While dieting, I continued to use food as a way to deal with anxiety, but just in a new and improved way! Instead of numbing my feelings with the actual consumption of food, I could use mental recitations of calorie counts as a mantra to ward off stress. During those times of dieting, at any given moment I could rattle off what I had eaten that day, and what I had left to eat before bed. I weighed myself daily, if not multiple times per day. The number dictated my mood for the day. On official weigh-in days, I carefully got up first thing, stripped naked, peed out as much as possible, and obtained a number that I recorded on whatever tracking system I was using.
Because restrictive dieting worked, I received a lot of positive reinforcement. Indeed, I succeeded according to the tenets of whatever diet I was on at the time—cabbage soup diet, Jenny Craig, Weight Watchers, Slim Fast. I was a model participant, and I always lost weight. People would comment, and I’d smile serenely and cite diet and exercise, racking up the positive accolades and frantically waiting to drop another dress size. When I was heavier, the scale controlled me in that I was afraid to go near it. When I was dieting (only occasionally to the point of what would be considered thin), the scale controlled me in a far different way. It consumed my every waking thought.
And that’s the thing. For any number of physiological reasons, even the most extreme diets resulted in what would be defined as the thinner end of normal weight. I was never remarkably thin. And that’s the only thing that separated these times of hyper-focus on food from a stereotypical eating disorder. I was just as obsessed, just as preoccupied, just as miserable. I just never was adequately gaunt to draw negative attention. Instead, I received waves of positive attention. My anxiety-driven obsession with food and dieting was seen as a good thing. Indeed, some people reading this will probably think that I should go back to that way of being.
And I wanted to. Oh, how I wanted to go back. But after having kids, I wasn’t able to devote adequate mental energy to obsessing about my food intake. For me to succeed, according to standard criteria, I needed to eat no more than about 1100 calories a day. Did I forget to mention that? At the times that I was deemed “doing well” by the appearance-judging outside world, I was eating, at the very most, 1100 calories a day. Every day. With no room for error.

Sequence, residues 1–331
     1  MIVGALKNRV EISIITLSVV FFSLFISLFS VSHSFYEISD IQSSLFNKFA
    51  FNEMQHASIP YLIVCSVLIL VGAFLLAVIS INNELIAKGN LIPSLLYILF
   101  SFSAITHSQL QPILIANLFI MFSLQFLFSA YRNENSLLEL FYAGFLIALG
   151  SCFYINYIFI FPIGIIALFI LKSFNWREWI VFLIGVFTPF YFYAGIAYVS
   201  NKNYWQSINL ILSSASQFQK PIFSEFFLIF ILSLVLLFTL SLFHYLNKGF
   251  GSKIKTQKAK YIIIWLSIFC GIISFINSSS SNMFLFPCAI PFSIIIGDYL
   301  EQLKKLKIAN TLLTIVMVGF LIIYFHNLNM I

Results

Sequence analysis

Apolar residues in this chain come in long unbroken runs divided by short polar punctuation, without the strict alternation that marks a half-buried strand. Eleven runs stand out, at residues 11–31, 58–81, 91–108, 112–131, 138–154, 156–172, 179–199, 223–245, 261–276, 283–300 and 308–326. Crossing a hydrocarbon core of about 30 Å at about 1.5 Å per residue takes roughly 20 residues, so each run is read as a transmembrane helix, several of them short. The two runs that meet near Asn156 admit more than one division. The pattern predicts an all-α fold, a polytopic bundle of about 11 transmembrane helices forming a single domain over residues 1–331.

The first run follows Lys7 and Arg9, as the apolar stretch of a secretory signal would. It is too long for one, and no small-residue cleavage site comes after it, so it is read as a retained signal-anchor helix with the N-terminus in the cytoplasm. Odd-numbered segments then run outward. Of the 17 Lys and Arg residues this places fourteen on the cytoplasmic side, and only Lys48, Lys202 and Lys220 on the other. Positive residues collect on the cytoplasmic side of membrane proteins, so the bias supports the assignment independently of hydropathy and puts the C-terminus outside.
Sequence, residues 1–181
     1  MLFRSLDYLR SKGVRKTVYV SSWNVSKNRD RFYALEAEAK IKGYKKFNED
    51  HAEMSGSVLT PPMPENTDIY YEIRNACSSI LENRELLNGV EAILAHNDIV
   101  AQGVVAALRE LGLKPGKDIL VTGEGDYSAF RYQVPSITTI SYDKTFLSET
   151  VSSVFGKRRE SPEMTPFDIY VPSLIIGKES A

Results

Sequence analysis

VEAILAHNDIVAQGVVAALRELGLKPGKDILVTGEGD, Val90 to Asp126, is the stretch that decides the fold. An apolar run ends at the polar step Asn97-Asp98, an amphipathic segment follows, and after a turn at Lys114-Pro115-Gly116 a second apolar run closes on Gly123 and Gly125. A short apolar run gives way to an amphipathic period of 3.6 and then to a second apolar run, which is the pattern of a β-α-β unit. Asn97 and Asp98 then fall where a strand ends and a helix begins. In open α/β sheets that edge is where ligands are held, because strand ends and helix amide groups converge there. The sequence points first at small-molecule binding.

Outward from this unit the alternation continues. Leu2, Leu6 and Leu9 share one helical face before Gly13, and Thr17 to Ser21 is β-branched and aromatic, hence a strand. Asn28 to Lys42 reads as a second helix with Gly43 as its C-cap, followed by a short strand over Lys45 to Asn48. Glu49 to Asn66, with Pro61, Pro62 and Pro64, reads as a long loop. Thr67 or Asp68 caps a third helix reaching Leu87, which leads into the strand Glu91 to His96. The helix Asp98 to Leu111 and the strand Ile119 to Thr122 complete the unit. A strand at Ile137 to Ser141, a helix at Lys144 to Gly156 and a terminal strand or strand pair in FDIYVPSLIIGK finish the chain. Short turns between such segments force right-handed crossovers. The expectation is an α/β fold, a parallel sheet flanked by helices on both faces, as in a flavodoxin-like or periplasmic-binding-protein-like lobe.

And I should mention at this point, that I married a man who never even seemed to notice what was going on with my weight! If he did, he never made any mention of it good or bad. Never. The only things I remember him saying were that I always seem to be happier when I’m exercising (true), and he’d go to the gym with me or get up early to do P90X if I wanted. I just wanted to give Jimmy his due accolades.
So. Eventually, I couldn't succeed at dieting, so I actually sought out help at an eating disorders clinic. And there I met my wonderful therapist. I hoped that she would be able to help me fix my overeating, so that I could successfully get back to fastidious dieting. After a lot of work that remains ongoing, I started to see that eating and food and what I thought about my body at given moment had more to do with how I was managing my anxiety and feelings than anything else. Guys, it was a lot of work. Years and years and lots of crying and writing and breaking up with medicine. A lot of work.
In addition to my work in therapy, I had a life changing moment when I first heard Lindy West reading from her book, Shrill. There are a handful of moments in life that I remember specifically, and I remember the first time I heard an interview with her. It was around the time that I was working intensely with my therapist to unpack all of the reasons that I was misusing food. It was fall, I was walking on the Oak Leaf trail near our home, and I was listening to an interview with Lindy West on Fresh Air. She discussed the audacious concept of being OK with a fat body just as it is, and not owing the rest of the world an explanation or an apology about it. I replayed that interview three times and walked about six miles. I was in a glorious, revelatory trance. I want quote from her book, but honestly the whole thing is quotable, and you just need to go read it.
OK, fine, here’s a quote taken from an online essay she wrote in response to a piece about being concerned about the obesity epidemic. It was later reprinted in her book:
"Fat people already are ashamed. It's taken care of. No further manpower needed on the shame front, thx. I am not concerned with whether or not fat people can change their bodies through self-discipline and "choices." Pretty much all of them have tried already. A couple of them have succeeded. Whatever. My question is, what if they try and try and try and still fail? What if they are still fat? What if they are fat forever? What do you do with them then? Do you really want millions of teenage girls to feel like they're trapped in unsightly lard prisons that are ruining their lives, and on top of that it's because of their own moral failure, and on top of that they are ruining America with the terribly expensive diabetes that they don't even have yet? You know what's shameful? A complete lack of empathy." (Lindy West. "Hello, I Am Fat," The Slog, 11 Feb, 2011.)